Having seemingly suffered through more than 55 whole minutes without saying something disgraceful and offensive about the most powerful man on the planet, Maher, who must have been having an allergic reaction to the uncharacteristic civility on display, made up for it in spades during his final “New Rule” rant.
Entitled “Orewell That Ends Well,” Maher repeatedly made the asinine assertion that since 9/11, President Bush has actually stripped Americans of their civil rights (video available here):
As NewsBusters reported about the March 11 installment of “Meet the Press,” former “Nightline” anchor Ted Koppel made some almost verboten observations concerning the dangers of a premature withdrawal of American troops from Iraq. Amongst other things, Koppel claimed the battle between Sunnis and Shia currently taking place there would become a much larger religious conflict throughout the entire Persian Gulf region.
With that as pretext, another side of this issue ignored by the media is how Hizbullah and Iran are licking their respective chops at the thought of such a troop withdrawal and the opportunity it would present for the total annihilation of Israel.
Consider for example some recent comments made by Abdallah Safialdeen, Hizbullah’s representative in Iran. A few weeks ago, he gave an interview on Irani television, and made statements that if ever broadcast in America would radically change how U.S. citizens viewed the war (video available here courtesy of Memri TV):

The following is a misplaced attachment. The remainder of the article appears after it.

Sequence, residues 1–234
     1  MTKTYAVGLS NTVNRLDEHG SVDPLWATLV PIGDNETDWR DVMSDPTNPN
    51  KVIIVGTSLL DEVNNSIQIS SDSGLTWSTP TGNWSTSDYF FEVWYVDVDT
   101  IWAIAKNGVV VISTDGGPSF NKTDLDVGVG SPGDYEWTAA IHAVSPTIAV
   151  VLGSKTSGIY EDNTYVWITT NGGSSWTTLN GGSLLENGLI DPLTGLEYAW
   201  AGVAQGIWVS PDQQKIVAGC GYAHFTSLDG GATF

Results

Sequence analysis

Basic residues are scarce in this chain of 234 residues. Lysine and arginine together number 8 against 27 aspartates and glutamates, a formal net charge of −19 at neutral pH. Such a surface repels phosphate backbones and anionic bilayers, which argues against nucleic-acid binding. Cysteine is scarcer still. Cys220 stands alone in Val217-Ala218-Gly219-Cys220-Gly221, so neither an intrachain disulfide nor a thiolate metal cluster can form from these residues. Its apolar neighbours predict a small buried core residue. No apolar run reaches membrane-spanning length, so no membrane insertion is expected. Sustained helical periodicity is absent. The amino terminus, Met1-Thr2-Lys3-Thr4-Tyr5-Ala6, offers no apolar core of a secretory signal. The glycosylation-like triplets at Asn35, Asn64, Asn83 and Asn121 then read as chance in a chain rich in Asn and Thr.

The Washington Post is so enamored of the idea of getting Attorney General Al Gonzales to resign for firing a few U.S. Attorneys that it's even seeping into the Sports section. In their attempted-humor column called "Starting Lineup," Dan Steinberg and Desmond Bieler mock underperforming Washington Redskins cornerback Adam Archuleta this way:
"Let's get this straight, a prominent Washington organization wants to shed one of its troublemaking employees because of performance-related issues? Um, paging Alberto Gonzales."
Darfur today is not Iraq under Saddam. But there are sufficient parallels to render this morning's Boston Globe editorial deeply ironic. While the Globe has condemned the coalition intervention in Iraq, it clamors for aggressive international action in Darfur.
Why is it that sitcoms always go for the cheapest gags? And why is it that those gags are always shibboleths of leftist ideas? Does Hollywood imagine that the left never does anything that can be made fun of? Apparently Conan O'Brien and Andy Richter of the new sitcom "Andy Barker, P.I." don't think so, anyway.
In the pilot episode for the new sitcom from NBC starring former Conan O'Brien sidekick Andy Richter, within the first few segments we get one joke that makes Christians out to be mean-spirited and another that presents Americans in general as being reactionary racists post 9/11. In fact, these two jokes are back to back.
In the pilot episode, the main character rents a storefront in a small strip mall styled complex to open his CPA business. He meets the video store Owner downstairs who takes him on a tour to give him the lay of the land of the other shops in the complex.
There were two Iraq polls released on Sunday. One is guaranteed to be headline news. The other will likely be totally ignored.
In fact, one of the polls was already referenced by George Stephanopoulos on ABC’s “This Week,” as well as reported by USA Today and CNN.